John H. Zeller
PORK can be produced on good, clean hog pastures with 15 to 50 percent less concentrates than dry-lot feeding requires, depending on the method of management. Good legume pastures may replace one-half the protein supplement ordinarily fed in dry-lot rations, besides minerals, vitamins, and other essential food elements. Pigs on pasture usually gain faster and reach the market several weeks earlier than pigs fed balanced rations in dry lot.
Sanitation is easier when hogs are on a rotation-pasture system, and the danger of parasitic infestation is lessened. More runty pigs are found under dry-lot feeding conditions than with pasture-fed pigs. Hogs on pasture help to maintain soil fertility by scattering the manure over the land; as much as 75 percent of the fertilizing value of feeds fed to hogs on pasture may be recovered and returned to the land. Another advantage of pastures for swine is the saving of labor.
Despite those advantages, though, it Will not do to think that that is all there is to it. Hogs have a limited digestive capacity; their stomachs cannot utilize the large amounts of forage that cattle, horses, and sheep do. Even the best pastures generally provide little more than a maintenance ration for swine for economical production, hogs must be fed a certain amount of concentrate feed in addition to pasture. The basic point regarding the pastures is one of quality, then, not one of quantity.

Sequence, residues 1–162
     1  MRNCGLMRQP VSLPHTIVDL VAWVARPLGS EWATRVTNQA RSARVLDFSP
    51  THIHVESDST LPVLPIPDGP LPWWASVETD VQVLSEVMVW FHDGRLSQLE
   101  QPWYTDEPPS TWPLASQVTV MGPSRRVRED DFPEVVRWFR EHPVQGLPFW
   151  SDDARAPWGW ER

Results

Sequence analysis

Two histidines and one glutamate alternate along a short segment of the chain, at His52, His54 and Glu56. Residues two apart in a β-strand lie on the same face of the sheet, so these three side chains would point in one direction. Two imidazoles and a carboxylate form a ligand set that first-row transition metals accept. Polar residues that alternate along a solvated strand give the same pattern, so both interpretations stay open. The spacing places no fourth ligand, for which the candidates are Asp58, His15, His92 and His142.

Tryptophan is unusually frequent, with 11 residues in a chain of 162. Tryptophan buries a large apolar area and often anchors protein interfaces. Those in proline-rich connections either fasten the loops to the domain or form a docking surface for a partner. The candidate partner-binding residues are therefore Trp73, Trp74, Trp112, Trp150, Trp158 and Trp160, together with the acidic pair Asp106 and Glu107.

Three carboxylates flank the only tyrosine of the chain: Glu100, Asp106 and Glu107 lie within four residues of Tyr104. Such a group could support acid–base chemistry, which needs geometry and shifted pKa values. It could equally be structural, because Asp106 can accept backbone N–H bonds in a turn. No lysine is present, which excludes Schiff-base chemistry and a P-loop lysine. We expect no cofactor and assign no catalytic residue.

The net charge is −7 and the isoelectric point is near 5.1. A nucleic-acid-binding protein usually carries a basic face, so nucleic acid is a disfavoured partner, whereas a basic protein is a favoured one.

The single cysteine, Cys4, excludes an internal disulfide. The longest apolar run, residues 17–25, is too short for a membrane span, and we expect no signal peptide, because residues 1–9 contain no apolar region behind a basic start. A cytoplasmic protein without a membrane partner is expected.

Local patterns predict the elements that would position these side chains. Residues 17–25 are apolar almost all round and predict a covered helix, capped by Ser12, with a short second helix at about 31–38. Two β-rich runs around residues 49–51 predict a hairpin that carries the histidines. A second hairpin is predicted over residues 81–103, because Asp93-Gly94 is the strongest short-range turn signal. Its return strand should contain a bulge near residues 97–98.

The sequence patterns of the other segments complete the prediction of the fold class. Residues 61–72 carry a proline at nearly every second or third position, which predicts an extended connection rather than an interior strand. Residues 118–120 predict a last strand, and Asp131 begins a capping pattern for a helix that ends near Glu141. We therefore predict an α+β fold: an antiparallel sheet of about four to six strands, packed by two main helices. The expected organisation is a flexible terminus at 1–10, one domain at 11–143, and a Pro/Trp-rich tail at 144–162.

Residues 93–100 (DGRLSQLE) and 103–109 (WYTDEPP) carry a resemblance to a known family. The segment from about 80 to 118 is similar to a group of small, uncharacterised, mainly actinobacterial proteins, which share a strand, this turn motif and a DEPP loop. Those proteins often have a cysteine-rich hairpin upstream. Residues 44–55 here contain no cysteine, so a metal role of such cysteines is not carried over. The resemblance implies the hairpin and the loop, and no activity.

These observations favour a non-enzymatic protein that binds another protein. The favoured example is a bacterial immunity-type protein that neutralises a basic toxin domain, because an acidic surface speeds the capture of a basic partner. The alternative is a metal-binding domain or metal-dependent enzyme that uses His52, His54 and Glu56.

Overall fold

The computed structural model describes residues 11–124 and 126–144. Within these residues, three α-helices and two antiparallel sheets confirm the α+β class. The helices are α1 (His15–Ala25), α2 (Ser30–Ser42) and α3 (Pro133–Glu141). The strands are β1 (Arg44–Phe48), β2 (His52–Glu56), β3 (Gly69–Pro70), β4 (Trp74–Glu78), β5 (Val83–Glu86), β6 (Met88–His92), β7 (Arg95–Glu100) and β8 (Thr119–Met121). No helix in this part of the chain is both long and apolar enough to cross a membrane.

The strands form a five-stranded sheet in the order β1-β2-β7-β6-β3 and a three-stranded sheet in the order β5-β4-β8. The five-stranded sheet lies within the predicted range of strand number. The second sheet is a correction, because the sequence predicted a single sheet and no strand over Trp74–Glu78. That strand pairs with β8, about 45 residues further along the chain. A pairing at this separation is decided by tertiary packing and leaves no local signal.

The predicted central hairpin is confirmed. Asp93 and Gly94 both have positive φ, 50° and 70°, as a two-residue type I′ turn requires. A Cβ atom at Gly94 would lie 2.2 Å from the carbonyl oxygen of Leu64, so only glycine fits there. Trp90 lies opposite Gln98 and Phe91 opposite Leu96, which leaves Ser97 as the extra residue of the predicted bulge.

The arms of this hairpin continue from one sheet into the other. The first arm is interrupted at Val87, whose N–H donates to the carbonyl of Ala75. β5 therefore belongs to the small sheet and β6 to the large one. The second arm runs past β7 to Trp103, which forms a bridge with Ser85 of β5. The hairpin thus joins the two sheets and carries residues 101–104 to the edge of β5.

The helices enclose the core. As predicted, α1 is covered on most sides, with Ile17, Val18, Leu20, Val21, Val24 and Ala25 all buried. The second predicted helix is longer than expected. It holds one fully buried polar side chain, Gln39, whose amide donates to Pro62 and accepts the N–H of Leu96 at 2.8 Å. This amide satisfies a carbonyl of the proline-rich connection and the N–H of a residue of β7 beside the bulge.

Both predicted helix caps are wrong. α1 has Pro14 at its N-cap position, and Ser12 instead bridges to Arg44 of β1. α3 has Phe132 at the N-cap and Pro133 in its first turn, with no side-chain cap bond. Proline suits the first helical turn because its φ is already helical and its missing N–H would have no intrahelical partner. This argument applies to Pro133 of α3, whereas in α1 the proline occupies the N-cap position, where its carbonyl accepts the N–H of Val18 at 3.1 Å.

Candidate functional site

I think of seven essentials of good pasture crops for swine production, regardless of locality. They must be adapted to the soil and climatic conditions under which they are grown. They must be grown at small expense. They must provide abundant growth for a short pasture period, or consistent growth over a long period. They must be palatable and succulent so as to be readily consumed, and rich in protein, vitamin, and mineral nutrients. They must have a good carrying capacity over the grazing period.
Four types of pastures are used in swine production: Permanent, rotation, and temporary pastures, and grain crops to be hogged down. Many successful hog growers combine two or more types to furnish the maximum grazing facilities, with planned rest periods for the pastures.
Permanent pasture plants most generally used are perennials like bluegrass, white clover, Bermuda-grass, carpetgrass, and Dallisgrass. Permanent hog pastures can be utilized over a long grazing season. They usually furnish the most nutrients, though, during the spring and fall growing periods, and have a dormant period during July and August.